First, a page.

Timing is everything. It’s especially important when enrolling in Medicare. As you approach 65, you generally want to sign up during your initial enrollment period — unless you’re receiving Social Security and are automatically enrolled. This seven-month period includes the three months before the month in which you turn 65 and the three months after.
If you’re among the large majority of people who don’t have to pay for Part A, you can enroll at any time during and after your initial enrollment period. Coverage will be retroactive for six months but no earlier than the first month you became eligible for Medicare.
If you don’t get on board with Part B during your initial enrollment period, your monthly premiums for this part of Medicare—which covers doctor visits and other outpatient services—may cost you more for the rest of your life. You will get a chance to enroll during Medicare’s annual general enrollment period, which runs from Jan. 1 to March 31 each year. However, if you sign up then, your coverage won’t begin until July 1.
Here is some additional information to understand before you enroll.
Want to delay? If you or your spouse continue to work past age 65 and have health insurance through your or your spouse’s employer, you may not need to sign up for Medicare yet. But you’ll have to sign up within eight months of stopping that job-based coverage to avoid a late-enrollment penalty. You can sign up before your employer coverage ends to ensure you have no gap in coverage.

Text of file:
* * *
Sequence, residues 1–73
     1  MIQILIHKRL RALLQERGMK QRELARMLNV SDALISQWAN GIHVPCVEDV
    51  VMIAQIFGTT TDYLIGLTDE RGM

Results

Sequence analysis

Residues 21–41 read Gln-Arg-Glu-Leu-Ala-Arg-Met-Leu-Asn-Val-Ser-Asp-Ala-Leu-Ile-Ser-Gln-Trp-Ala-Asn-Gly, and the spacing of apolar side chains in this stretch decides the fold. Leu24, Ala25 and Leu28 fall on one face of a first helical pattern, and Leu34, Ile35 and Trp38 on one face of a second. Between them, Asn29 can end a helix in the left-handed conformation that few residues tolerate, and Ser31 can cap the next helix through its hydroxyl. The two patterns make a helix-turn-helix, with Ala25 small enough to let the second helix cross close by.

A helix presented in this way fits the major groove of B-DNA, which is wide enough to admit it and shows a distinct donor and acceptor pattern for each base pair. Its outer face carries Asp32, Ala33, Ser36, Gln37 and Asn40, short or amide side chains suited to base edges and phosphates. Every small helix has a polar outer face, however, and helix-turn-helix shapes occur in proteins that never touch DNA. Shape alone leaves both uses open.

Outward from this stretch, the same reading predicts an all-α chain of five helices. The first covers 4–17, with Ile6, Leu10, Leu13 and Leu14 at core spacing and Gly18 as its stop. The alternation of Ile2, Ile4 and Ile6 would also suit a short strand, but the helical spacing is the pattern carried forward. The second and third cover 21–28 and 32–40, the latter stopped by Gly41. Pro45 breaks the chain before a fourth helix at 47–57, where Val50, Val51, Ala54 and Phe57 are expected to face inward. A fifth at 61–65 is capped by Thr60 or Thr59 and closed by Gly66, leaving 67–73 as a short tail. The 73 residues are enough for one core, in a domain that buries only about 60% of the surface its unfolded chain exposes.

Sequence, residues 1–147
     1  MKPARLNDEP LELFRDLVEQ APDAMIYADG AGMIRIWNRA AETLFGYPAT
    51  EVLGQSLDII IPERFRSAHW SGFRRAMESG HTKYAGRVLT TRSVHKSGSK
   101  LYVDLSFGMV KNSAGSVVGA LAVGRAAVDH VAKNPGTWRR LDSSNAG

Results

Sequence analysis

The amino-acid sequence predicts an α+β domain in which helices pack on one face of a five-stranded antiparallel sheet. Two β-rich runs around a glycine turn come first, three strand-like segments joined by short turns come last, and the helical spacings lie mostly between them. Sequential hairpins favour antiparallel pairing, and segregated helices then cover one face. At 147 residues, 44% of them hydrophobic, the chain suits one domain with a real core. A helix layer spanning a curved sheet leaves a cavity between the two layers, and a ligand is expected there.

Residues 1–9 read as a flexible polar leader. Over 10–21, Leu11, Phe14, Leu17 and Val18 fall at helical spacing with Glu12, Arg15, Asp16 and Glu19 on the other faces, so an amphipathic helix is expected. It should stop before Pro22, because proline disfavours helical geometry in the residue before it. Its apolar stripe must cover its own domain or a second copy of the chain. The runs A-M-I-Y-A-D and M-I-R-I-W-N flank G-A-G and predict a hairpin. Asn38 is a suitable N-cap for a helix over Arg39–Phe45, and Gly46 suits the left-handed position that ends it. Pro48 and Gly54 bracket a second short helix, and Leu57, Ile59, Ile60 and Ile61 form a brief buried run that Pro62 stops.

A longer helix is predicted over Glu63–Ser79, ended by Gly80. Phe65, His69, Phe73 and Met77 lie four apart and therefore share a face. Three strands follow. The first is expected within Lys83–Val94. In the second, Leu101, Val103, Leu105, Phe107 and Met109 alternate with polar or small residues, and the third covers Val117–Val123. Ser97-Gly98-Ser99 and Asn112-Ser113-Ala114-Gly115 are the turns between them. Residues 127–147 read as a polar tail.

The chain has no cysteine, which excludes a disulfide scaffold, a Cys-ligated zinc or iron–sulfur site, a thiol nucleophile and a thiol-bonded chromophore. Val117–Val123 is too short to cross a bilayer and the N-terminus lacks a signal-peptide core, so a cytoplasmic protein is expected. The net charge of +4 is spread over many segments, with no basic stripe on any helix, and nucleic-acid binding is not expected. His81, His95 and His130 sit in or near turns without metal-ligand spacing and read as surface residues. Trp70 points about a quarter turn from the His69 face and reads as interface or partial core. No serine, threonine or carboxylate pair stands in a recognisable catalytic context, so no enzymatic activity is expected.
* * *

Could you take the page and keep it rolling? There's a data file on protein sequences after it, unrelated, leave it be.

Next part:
Size matters. If you or your spouse work for a company with 20 or more employees, you can delay signing up for Medicare. But if your employer has fewer than 20 employees, you usually need to sign up at age 65 to avoid a gap between the end of your primary health care coverage at work and the start of Medicare. For those who work at the smallest companies, Medicare usually becomes the primary coverage at age 65 and an employer plan is secondary, whether you sign up for Medicare or not.
Special rules for Tricare beneficiaries. If you're receiving benefits through Tricare military health care, you generally need to sign up for parts A and B of Medicare during your seven-month initial enrollment period to keep your coverage. There are a few exceptions: If you're among the small number of people who aren't eligible for premium-free Part A, you don't need to sign up. Also, if you or your spouse still serve on active duty, you don't have to enroll in Part B. However, you must enroll in Part B before the active-duty service member retires to avoid a break in coverage.
Rounding out VA coverage. If you have health care benefits through the U.S. Department of Veterans Affairs (VA) and no other coverage, sign up for parts A and B of Medicare within your initial enrollment period so you'll have coverage for non-VA doctors and hospitals.